The time is gone, the song is over, thought I’d something more to say

18 09 2008

Eric Priest

This post is not about digital media per se, but without great art at its core, what good is the digital media revolution? And the world lost a great artist this week when Rick Wright of Pink Floyd died after a short battle with cancer.

I’ve always felt Rick was the most underrated member of Pink Floyd, and it is hard not to be overshadowed by the incredible talents of Roger Waters–among the best of all rock lyricists and songwriters–and Dave Gilmour, a legendary lead guitarist, vocalist and songwriter. But Rick’s keyboards added vital soul, texture, and musicality to Floyd, and his warm, emotive voice was an absolute highlight on the Floyd tracks on which he sang (“Time” and “Us and Them” from Dark Side of the Moon, “Stay” from Obscured By Clouds, and “Echoes” from Meddle are a few highlights).

Rick’s keyboard playing in Pink Floyd is often stereotyped as “spacey” sonic textures, and it’s true that he loved experimenting with sound and technology, and at times created layered, atmospheric textures where a given song called for it, like “Shine On You Crazy Diamond.” But to me, his signature sound, and his best work with Floyd, was in his far more earthy folk-and-classical-influenced piano, his jazzy and lyrical electric piano, and most importantly, his Hammond B3 organ, which ranged from lush to meaty to intense to pure rock. He had a broader range on the B3 than any other keyboardist I’ve heard. His passages were so natural, so musical, it was like he was born with a B3 in hand.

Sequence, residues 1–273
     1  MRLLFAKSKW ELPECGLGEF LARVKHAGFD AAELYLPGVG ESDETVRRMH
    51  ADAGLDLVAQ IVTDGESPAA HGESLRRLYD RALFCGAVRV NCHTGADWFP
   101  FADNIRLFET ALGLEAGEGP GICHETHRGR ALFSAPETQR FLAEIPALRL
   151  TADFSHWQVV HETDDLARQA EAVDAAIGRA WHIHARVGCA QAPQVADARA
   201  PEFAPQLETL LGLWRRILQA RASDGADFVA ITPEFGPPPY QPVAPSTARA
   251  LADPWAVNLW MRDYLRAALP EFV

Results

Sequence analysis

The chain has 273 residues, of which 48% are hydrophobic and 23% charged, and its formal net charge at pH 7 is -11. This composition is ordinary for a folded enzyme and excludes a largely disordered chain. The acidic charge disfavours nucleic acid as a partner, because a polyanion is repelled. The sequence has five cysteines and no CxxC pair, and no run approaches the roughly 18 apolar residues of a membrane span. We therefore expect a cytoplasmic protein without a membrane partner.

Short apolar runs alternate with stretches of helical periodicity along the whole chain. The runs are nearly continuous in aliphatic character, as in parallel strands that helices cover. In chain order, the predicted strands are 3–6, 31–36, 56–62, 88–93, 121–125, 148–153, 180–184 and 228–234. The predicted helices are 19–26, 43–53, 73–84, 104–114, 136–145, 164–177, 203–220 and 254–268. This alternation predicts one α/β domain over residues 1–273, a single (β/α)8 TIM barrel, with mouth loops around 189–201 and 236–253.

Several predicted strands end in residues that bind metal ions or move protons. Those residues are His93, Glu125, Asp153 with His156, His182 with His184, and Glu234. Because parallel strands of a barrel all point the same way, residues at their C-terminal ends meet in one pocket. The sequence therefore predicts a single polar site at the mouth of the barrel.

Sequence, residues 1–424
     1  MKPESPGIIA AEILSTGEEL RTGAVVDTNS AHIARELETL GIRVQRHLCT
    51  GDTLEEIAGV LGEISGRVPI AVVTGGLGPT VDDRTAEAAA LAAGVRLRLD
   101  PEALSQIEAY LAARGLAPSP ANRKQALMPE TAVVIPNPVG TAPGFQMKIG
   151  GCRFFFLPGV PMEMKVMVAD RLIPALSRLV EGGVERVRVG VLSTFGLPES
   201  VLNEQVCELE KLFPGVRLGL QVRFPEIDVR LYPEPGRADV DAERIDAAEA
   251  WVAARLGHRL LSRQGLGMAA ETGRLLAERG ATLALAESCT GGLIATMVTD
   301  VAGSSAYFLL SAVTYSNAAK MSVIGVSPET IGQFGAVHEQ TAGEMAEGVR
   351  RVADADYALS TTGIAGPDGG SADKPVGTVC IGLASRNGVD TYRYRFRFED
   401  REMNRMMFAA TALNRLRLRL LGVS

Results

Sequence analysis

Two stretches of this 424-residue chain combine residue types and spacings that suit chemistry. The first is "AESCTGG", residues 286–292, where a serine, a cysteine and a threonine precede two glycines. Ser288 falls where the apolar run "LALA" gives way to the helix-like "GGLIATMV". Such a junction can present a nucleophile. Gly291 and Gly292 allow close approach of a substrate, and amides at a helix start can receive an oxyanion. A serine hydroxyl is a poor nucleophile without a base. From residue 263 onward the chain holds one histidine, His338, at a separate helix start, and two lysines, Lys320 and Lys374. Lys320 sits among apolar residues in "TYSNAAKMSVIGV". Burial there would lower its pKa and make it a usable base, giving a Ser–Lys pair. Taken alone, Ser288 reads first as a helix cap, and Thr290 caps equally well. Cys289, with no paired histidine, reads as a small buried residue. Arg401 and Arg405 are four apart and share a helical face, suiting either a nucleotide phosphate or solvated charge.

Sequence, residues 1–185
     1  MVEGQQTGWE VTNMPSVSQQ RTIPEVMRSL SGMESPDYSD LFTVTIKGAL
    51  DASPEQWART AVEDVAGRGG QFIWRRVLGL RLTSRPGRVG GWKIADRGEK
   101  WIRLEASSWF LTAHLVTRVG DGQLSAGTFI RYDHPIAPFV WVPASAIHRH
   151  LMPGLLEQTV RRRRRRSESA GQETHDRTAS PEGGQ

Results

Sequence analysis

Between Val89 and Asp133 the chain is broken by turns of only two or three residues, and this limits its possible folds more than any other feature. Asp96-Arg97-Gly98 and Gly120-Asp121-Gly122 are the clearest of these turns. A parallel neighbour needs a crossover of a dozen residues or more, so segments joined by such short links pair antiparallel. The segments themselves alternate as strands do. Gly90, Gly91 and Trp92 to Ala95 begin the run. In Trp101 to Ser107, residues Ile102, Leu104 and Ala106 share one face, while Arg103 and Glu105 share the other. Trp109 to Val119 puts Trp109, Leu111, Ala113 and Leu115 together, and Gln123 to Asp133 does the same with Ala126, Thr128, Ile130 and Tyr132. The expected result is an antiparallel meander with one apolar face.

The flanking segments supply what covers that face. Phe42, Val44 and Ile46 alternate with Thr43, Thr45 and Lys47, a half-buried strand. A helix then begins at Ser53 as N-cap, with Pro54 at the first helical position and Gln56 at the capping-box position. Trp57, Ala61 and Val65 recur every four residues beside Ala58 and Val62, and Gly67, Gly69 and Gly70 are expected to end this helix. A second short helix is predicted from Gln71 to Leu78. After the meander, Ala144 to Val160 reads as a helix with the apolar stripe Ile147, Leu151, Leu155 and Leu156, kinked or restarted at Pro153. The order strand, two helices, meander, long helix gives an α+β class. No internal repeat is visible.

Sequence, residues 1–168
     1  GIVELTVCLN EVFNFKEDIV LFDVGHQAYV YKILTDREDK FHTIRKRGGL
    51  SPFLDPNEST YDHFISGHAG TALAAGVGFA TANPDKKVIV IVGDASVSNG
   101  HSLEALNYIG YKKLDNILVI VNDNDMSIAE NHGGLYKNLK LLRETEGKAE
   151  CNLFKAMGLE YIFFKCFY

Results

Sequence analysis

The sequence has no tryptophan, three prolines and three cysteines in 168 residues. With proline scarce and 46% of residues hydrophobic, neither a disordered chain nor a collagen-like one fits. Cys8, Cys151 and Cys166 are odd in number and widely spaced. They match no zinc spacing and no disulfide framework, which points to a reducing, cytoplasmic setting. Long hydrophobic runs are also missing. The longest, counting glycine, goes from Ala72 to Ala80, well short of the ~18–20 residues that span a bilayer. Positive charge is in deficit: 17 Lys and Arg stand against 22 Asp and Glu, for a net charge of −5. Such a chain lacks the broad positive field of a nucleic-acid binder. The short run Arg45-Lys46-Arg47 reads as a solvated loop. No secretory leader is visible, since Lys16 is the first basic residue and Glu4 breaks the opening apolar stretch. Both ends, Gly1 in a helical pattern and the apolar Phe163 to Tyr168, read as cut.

I’ve been a Pink Floyd fan since I was ten, and I probably know every note Rick played, especially from Meddle onwards. When you know someone’s music that intimately, you feel you know something about them. When they die, you feel you’ve lost a friend, someone who once shared a part of themselves with you. By all accounts, Rick Wright was gentle, modest, and introspective. And that somehow came across in his playing and songwriting, too, particularly in the powerful but meditative “Great Gig in the Sky” and “Us and Them”–probably my favorite song of all time. In a loving tribute to Rick, Dave Gilmour wrote on his website, “the audience reaction to his appearances on my tour in 2006 was hugely uplifting and it’s a mark of his modesty that those standing ovations came as a huge surprise to him, (though not to the rest of us).”

This is my small way of saying a great artist and a gentle soul will be missed.